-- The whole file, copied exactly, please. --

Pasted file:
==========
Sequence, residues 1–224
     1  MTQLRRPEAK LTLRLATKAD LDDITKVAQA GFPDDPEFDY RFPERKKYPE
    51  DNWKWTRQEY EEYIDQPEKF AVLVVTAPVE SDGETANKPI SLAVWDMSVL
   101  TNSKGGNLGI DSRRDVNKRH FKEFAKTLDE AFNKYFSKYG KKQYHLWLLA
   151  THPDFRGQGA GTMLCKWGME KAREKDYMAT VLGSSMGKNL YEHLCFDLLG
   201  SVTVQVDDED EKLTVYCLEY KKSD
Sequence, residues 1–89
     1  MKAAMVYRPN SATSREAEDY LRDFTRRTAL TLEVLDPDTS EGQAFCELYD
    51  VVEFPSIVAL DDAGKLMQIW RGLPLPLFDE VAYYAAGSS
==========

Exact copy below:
Sequence, residues 1–224
     1  MTQLRRPEAK LTLRLATKAD LDDITKVAQA GFPDDPEFDY RFPERKKYPE
    51  DNWKWTRQEY EEYIDQPEKF AVLVVTAPVE SDGETANKPI SLAVWDMSVL
   101  TNSKGGNLGI DSRRDVNKRH FKEFAKTLDE AFNKYFSKYG KKQYHLWLLA
   151  THPDFRGQGA GTMLCKWGME KAREKDYMAT VLGSSMGKNL YEHLCFDLLG
   201  SVTVQVDDED EKLTVYCLEY KKSD
Sequence, residues 1–89
     1  MKAAMVYRPN SATSREAEDY LRDFTRRTAL TLEVLDPDTS EGQAFCELYD
    51  VVEFPSIVAL DDAGKLMQIW RGLPLPLFDE VAYYAAGSS